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The news man took a chance on him, and at 17 Riminton became a cadet reporter.
On the strength of a two-line job ad in a Perth newspaper, he escaped to Australia.
It was the time of Hawkie, Bondy and $40,000 houses.
Within three years of getting his start in television, he scored one of the most prestigious and sought after jobs in Australian journalism - the role of London-based correspondent for the Nine Network.
As a foreign correspondent, he travelled the world, reporting from Somalia, covering the IRA bombings, narrowly avoiding being murdered by a mob in Soweto; the Balkans were at war; the tanks were rumbling in the streets of Moscow. Back in South Africa he got a chance to see up close the genius and humanity of the great Nelson Mandela. And then the Rwandan genocide began, and Hugh was despatched to investigate - with former Prime Minister Malcolm Fraser tagging along.
As the French prepare to resume nuclear testing in the Pacific, Hugh flew to Tahiti to be caught in the middle of the protest riots. After a day of being teargassed and watching his hire car getting torched, evening fell with the capital Papeete in flames. His reporting won him a Logie Award.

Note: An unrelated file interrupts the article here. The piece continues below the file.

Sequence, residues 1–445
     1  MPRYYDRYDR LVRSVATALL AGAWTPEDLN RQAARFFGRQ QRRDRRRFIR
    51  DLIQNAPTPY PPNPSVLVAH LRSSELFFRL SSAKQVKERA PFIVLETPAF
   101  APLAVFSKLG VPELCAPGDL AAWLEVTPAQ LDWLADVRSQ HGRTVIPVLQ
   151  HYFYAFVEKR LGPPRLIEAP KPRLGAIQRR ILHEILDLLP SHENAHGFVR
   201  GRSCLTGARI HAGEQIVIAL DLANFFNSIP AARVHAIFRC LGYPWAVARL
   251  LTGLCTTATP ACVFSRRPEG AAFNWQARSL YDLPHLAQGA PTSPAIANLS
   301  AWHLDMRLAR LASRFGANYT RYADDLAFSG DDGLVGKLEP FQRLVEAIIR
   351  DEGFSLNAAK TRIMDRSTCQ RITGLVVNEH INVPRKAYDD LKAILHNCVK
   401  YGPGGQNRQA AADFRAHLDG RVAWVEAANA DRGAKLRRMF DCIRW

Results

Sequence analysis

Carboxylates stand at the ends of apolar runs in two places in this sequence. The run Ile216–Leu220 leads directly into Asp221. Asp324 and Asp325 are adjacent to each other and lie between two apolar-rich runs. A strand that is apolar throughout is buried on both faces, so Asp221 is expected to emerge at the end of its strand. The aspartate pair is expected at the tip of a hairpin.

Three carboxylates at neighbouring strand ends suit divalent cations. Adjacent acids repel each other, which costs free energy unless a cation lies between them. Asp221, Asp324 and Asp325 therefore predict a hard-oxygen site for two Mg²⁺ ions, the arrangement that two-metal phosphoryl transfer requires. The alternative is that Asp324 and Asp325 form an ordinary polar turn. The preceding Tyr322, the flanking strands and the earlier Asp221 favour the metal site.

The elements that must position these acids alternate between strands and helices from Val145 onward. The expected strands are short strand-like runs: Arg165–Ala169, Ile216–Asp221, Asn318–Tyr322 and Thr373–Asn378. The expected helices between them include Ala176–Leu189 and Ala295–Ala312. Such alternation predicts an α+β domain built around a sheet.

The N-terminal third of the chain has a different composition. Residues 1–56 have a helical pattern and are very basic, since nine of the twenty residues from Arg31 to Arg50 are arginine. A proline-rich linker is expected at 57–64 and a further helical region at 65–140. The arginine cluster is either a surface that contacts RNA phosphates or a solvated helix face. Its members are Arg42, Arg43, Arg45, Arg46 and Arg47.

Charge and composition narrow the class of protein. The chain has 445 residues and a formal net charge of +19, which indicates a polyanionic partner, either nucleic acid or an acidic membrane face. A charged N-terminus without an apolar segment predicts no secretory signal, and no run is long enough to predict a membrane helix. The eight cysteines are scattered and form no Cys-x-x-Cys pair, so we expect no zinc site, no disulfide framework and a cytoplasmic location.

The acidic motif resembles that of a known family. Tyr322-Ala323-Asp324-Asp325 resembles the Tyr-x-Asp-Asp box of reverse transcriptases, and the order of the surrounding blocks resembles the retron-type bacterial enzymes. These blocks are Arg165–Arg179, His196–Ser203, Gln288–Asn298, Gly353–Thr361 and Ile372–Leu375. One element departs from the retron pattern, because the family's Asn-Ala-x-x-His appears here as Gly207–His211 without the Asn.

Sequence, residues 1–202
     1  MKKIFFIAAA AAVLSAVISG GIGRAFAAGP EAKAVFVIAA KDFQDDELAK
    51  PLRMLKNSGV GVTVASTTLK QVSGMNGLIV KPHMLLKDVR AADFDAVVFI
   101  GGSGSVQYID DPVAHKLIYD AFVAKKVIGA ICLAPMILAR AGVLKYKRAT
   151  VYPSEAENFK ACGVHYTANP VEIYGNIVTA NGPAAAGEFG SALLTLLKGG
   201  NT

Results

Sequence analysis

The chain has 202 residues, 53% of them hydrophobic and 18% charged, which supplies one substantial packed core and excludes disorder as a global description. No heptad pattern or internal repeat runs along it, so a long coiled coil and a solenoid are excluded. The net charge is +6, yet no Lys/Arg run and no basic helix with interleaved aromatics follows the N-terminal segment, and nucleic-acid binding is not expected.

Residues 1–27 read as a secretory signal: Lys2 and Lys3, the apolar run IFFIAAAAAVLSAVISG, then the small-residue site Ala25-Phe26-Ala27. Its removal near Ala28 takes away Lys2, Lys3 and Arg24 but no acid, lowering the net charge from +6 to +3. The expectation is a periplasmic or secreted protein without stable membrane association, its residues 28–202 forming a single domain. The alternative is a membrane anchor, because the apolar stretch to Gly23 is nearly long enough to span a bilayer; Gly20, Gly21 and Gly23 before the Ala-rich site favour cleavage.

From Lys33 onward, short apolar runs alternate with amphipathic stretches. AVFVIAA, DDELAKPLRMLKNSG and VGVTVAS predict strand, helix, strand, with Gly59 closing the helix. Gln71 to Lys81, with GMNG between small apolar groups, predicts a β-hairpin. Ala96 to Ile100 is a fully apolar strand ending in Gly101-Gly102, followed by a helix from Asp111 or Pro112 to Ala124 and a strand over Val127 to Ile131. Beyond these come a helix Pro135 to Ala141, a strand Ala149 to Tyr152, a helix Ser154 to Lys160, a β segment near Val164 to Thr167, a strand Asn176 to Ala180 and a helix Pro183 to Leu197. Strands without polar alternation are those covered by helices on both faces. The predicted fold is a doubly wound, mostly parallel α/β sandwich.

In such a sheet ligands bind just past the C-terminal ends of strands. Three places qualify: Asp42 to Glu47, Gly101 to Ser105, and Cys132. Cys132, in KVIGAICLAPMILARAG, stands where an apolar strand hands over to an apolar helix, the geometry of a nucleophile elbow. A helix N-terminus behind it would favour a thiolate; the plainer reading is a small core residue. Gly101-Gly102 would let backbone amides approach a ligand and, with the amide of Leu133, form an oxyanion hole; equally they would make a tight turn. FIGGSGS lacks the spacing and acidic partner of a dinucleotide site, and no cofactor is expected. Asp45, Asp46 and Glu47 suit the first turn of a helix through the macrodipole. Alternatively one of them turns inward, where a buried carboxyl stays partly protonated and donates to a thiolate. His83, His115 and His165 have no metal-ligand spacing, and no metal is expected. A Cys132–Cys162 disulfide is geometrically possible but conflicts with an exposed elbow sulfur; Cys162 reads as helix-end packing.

Over nearly 40 years, he has been shot at, blown up, threatened with deportation and thrown in jail. He has reported from nearly 50 countries, witnessed massacres in Africa, wars and conflicts on four continents, and every kind of natural disaster.
He has also been a frontline witness to pivotal moments in Australian history, from the Port Arthur massacre to the political dramas of Canberra, receiving almost every major journalism award Australia has to offer.
Minefields is Hugh's fascinating story of over 40 years on the front line of the news game.
Customer ReviewsMost Helpful
By Anonymous User on 06-10-18
Reliving recent history
Hugh Riminton’s autobiography is a fascinating retelling of significant events that have occurred in Australia in the world over the last 40 years or so, see from the intimate perspective of a reporter who was there. It’s often quite harrowing as we move from one catastrophe to the next.
I was also interested to discover how someone copes with exposure to such extreme levels of trauma, disaster, death and threats to one’s our safety.
The best thing about this audiobook is being able to listen to it in Riminton’s own familiar voice. It’s as if he’s retelling his adventures to you over a very long lunch.
By Kelly on 04-17-18
What an interesting life
Great mix of world events and Hugh’s personal journey.
Informative yet not too heavy.
My only slight criticism is it is read like a news bulletin but that’s what we love about Hugh and I always appreciate a book read by its author.
He seems to be a very humanistic and honourable man. Thanks for your journo service!